Europe should shift its focus away from the asylum system towards the refugee quota scheme, says Kai Mykkänen (NCP), the Minister of the Interior.
Although the continent has registered a notable decrease in the number of asylum applications since the second half of 2015, Mykkänen estimates that population growth in Africa will guarantee that the notion of migrating to Europe will continue to appeal to “hundreds of millions” for the foreseeable future.
The United Nations in 2013 predicted that Africa’s population would double to 2.4 billion by 2050 and continue growing to 4.2 billion by 2100.
“Unfortunately there’s no scenario in sight where the share of the middle-class grew so rapidly that it’d significantly reduce the number of people seeking a way out of the countries as the population growth continues,” comments Mykkänen.
He adds that the equation also presents a series of challenges for the immigration and asylum system of Finland.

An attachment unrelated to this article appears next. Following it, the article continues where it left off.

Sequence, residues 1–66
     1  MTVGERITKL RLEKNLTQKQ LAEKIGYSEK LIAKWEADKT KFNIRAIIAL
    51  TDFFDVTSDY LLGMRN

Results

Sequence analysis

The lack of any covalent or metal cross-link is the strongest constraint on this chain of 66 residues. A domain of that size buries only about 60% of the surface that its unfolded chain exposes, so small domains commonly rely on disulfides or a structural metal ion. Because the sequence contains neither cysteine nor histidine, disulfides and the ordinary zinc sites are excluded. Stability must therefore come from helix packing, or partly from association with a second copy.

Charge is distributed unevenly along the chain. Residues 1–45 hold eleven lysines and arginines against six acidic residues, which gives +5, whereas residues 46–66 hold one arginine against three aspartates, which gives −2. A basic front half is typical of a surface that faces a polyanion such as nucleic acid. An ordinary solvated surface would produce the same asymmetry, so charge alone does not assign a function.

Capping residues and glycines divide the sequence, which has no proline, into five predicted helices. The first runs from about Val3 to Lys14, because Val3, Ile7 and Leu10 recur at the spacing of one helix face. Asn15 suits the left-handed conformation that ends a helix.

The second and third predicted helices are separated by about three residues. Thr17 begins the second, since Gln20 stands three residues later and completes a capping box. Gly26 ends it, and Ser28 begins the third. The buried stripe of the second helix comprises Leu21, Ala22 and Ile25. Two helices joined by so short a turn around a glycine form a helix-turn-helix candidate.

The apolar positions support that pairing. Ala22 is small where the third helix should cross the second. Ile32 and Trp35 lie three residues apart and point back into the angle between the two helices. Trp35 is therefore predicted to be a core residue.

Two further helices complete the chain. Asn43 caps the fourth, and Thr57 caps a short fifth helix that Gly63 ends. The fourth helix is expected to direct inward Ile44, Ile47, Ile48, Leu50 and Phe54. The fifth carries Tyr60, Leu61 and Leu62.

“We can’t have residence-based social security simultaneously to uncontrolled immigration,” he states, drawing attention to the importance of bringing migrant flows under control.
Mykkänen has previously proposed that Finland raise its refugee quota ten-fold to 10,000 refugees in a bid to shift away from the asylum system towards the quota scheme, which he believes is the better-controlled alternative.
He has also called for a discussion for a common system for the European Union, which would allow authorities to determine whether or not an applicant is in need of protection at processing centres before the applicant’s arrival in Europe. Such a system, he views, could also allow those who cannot afford the fees charged by human smugglers to seek international protection.
“Asylum seekers certainly include people who are in need of protection and certainly also those who aren’t facing any personal threats or persecution,” says Mykkänen.
Aleksi Teivainen – HT
Photo: Roni Rekomaa – Lehtikuva
Source: Uusi Suomi